Passover is one of the most celebrated Jewish holidays. It is an important holiday when we gather with family and friends, to recite our ancient tales, to reflect on the ideals of freedom and leadership, and to examine oppression and tyranny.

Family and friends usually gather for a symbolic meal called a Passover seder. (Seder literally means “order,” as in the “order of events” at a Passover dinner.) They usually read from a book called a haggadah (“the telling”), which recounts the tale of the Jewish people’s struggle for freedom in the mythical story of Exodus.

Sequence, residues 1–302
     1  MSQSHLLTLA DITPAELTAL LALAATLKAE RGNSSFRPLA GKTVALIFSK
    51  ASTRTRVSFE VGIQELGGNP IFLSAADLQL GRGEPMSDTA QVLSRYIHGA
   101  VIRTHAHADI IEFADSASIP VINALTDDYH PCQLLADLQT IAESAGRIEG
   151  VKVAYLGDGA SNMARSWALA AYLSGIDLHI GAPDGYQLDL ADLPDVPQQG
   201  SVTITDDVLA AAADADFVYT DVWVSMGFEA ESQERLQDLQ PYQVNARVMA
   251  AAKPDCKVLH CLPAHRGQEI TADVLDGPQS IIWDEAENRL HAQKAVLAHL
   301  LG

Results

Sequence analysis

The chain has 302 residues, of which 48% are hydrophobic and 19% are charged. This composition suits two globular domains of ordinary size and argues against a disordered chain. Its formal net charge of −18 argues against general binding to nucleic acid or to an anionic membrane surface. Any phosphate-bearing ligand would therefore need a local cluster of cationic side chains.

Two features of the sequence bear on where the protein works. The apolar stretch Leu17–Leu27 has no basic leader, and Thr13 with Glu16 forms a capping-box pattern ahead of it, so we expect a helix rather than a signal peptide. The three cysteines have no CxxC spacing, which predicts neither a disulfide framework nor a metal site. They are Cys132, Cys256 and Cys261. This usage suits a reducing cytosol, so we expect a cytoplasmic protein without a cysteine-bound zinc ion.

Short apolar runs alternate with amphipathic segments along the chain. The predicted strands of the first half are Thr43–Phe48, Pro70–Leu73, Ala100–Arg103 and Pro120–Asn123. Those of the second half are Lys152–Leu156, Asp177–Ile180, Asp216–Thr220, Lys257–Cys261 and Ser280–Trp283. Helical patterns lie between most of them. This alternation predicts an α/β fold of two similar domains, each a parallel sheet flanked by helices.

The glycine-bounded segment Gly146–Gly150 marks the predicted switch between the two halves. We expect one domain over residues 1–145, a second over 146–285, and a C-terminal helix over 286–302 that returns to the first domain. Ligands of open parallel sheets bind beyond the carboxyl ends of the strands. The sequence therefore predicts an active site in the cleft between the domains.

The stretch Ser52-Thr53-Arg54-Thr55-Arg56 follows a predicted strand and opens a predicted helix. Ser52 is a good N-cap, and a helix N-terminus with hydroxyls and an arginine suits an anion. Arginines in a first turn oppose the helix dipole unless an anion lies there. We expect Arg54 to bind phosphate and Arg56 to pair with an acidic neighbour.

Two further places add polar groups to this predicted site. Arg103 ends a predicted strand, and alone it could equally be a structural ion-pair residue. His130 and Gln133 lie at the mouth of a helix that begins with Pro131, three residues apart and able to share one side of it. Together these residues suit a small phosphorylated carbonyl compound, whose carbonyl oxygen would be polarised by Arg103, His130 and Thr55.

In modern times, the seder has grown to reflect the ideal of freedom from other tyrannies. The civil rights struggle in the United States, the period of harsh Soviet imprisonment of “refuse-niks” (Jews who wanted to leave the Soviet Union), and the women¹s movement are ­all modern struggles that make Passover a more meaningful and powerful community celebration today. Passover is a time to celebrate the modern, as well as the ancient, quest for freedom.